In the scheme of things in the working world, I am an old man. As I approach my 67th birthday (July 7th for those of wishing to send gifts) I am continually frustrated by reading stories and listening to friends talk about incidents of age discrimination. I just recently had a friend feel compelled to remove the first decade of her working life from her resume because it dated her. We workers, over the age of forty, are protected from discrimination by the Age Discrimination in Employment Act (ADEA), but even with that law, the judiciary is undecided about the scope of age discrimination.
Upper limits on experience
Everyone knows or should know, there are words that need to be avoided in job ads. A current trend in job ads or postings is to put an upper limit on the amount of experience that will be acceptable. That has actually been around for several years but seems to be gaining in popularity. A recent ruling by the Seventh Circuit Court of Appeals interprets these ads as having a disparate impact on workers over the age of 40. When a job posting or ad says “No more than 8 years of experience” it is basically saying “OLDER WORKERS STAY AWAY.” According to Amy Kett and Paul Skelly of Hogan Lovells, the Eleventh Circuit Court sais “that age-neutral recruiting practices that merely disparately impact older applicants do not violate the ADEA.” So two different courts have differing opinions.
There are many reasons given for putting in upper limits in job ads. The most common is that people with that level of experience cost more. There is some truth to that, but that is not the entire story. There is an expectation that an older worker will have higher salary requirements, but that is not always the case. In today’s world of second, third and fourth careers, many workers are re-inventing themselves. They are venturing out into new areas and subsequently have much more reasonable salary expectations. In other situations perhaps that worker is financially capable of taking a lower salary in order to do something they find interesting.
However, I often think that the wage cost reason is just a guise to avoid having older workers. Many younger managers have problems in managing older workers, be they reasons of authority, respect, feeling like they are being judged by someone their parent’s age, or just a “fit in the younger culture” reason.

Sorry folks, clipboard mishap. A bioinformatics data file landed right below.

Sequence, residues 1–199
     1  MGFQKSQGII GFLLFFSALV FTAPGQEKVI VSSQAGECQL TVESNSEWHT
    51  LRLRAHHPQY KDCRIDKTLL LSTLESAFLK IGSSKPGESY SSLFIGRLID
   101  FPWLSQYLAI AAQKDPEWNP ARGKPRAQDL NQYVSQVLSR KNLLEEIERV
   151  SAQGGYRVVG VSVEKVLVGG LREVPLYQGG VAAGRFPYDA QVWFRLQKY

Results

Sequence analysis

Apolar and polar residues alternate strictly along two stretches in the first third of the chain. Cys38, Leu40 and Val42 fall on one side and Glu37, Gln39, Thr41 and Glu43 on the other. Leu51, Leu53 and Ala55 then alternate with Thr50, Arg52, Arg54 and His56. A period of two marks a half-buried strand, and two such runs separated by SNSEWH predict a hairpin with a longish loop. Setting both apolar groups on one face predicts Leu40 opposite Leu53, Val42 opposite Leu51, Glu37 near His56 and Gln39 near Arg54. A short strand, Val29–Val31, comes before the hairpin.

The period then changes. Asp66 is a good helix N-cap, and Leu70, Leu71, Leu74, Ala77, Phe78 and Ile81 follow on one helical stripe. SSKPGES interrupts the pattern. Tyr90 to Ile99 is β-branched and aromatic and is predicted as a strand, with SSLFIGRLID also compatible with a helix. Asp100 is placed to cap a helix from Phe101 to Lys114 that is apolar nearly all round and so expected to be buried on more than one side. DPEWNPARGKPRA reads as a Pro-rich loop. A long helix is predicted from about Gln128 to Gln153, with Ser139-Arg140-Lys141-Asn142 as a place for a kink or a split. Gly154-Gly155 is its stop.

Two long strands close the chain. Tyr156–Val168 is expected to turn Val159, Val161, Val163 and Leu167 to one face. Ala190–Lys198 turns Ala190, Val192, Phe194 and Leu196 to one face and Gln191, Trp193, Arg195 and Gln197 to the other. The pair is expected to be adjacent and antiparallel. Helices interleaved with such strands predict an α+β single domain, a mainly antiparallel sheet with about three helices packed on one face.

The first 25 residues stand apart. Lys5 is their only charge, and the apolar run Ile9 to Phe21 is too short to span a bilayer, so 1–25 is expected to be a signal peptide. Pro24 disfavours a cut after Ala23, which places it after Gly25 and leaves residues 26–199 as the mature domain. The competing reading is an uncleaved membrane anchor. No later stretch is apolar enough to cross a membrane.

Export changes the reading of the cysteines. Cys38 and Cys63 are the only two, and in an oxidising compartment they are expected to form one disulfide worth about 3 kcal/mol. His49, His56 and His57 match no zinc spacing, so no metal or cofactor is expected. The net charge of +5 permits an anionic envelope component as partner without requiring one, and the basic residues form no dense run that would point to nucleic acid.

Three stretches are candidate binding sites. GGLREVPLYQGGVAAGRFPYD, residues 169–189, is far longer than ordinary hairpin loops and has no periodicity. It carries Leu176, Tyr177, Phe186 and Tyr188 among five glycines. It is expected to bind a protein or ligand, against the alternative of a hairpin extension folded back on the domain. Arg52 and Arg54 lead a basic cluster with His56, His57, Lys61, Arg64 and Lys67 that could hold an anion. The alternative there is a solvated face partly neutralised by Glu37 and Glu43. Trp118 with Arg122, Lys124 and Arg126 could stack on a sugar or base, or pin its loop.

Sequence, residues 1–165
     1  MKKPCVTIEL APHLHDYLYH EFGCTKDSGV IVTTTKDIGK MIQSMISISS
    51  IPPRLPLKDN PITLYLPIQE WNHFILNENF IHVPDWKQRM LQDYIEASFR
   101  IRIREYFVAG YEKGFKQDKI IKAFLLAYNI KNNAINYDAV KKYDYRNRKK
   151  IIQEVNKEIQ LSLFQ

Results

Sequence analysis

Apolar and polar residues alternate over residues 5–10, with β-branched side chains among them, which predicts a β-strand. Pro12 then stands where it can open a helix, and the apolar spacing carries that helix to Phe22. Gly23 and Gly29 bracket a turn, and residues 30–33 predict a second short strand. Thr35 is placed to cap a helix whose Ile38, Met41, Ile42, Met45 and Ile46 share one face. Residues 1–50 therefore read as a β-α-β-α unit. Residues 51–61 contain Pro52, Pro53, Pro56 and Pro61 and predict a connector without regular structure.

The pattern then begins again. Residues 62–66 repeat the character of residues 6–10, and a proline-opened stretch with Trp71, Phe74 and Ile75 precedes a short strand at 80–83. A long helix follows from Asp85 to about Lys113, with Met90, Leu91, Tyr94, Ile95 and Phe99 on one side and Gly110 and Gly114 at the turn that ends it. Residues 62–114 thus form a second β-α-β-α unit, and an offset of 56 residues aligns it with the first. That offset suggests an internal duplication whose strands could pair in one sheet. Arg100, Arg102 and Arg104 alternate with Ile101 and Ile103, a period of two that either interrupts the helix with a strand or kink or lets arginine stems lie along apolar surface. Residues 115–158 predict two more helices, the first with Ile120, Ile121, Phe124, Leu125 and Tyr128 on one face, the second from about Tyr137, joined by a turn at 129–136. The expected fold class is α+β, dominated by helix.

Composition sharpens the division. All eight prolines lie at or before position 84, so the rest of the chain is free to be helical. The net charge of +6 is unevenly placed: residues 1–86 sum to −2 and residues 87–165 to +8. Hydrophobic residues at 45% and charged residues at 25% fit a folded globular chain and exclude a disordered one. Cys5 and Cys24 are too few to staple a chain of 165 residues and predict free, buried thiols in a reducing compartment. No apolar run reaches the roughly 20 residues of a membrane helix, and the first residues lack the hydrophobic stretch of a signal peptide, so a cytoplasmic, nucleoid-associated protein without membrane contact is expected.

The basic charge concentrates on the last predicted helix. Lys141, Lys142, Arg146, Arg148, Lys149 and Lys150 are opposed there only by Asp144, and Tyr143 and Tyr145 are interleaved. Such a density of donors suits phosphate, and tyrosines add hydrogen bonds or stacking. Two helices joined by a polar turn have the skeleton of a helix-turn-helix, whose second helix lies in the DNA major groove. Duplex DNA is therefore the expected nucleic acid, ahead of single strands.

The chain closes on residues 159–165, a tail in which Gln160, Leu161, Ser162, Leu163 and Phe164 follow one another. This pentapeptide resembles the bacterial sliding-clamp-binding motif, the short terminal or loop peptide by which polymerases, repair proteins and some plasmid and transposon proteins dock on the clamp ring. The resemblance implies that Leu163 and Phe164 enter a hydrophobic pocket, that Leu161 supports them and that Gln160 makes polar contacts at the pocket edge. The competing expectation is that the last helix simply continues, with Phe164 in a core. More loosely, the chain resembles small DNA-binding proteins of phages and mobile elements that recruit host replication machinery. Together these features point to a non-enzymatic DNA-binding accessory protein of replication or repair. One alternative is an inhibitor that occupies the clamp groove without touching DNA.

Reasonable Factors Other than Age
In 2012 the EEOC issued a ruling on Reasonable Factors Other than Age, or RFOA. The EEOC said “…the ADEA prohibits practices that, although facially neutral with regard to age, have the effect of harming older workers more than younger workers (known as “disparate impact”), unless the employer can show that the practice is based on an RFOA.” The EEOC does provide a list of factors that should be considered in assessing “reasonableness”. These are:
- The extent to which the factor is related to the employer’s stated business purpose;
- The extent to which the employer defined the factor accurately and applied the factor fairly and accurately, including the extent to which managers and supervisors were given guidance or training about how to apply the factor and avoid discrimination;
- The extent to which the employer limited supervisors’ discretion to assess employees subjectively, particularly where the criteria that the supervisors were asked to evaluate are known to be subject to negative age-based stereotypes;
- The extent to which the employer assessed the adverse impact of its employment practice on older workers; and
- The degree of the harm to individuals within the protected age group, in terms of both the extent of the injury and the numbers of persons adversely affected, and the extent to which the employer took steps to reduce the harm, in light of the burden of undertaking such steps.
Many employers have a tendency to want to hire younger workers because of the misguided notion the younger worker will stay longer. In reality, a younger worker starting out on their career will often consider moving to another job in order to improve their situation. An older worker will have a tendency to stay longer. A sixty-year-old may stay 10 years, whereas a younger worker may only stay three years.
Sometimes an employer will make the assumption that the older worker is just looking for a place to retire. Indeed, that may be true for some, but for many, it is not. They are looking for a place that will provide them with a challenge. Retirement at age sixty-five no longer exists. The age at which an older worker can get full Social Security benefits is now beyond age 65 and increasing every year. Older workers are healthier than in the past. Plus, retirement can be boring.
Don’t reject someone on the basis of their age
Rejecting someone on the basis of their age being older than forty is not only illegal, it is short-sighted. You may be rejecting someone who can bring insight and work ethic to your job that you might not be able to find with younger candidates. You may be surprised with the skill set an older worker brings to the job. Make sure you are making good business decisions and not biased ones.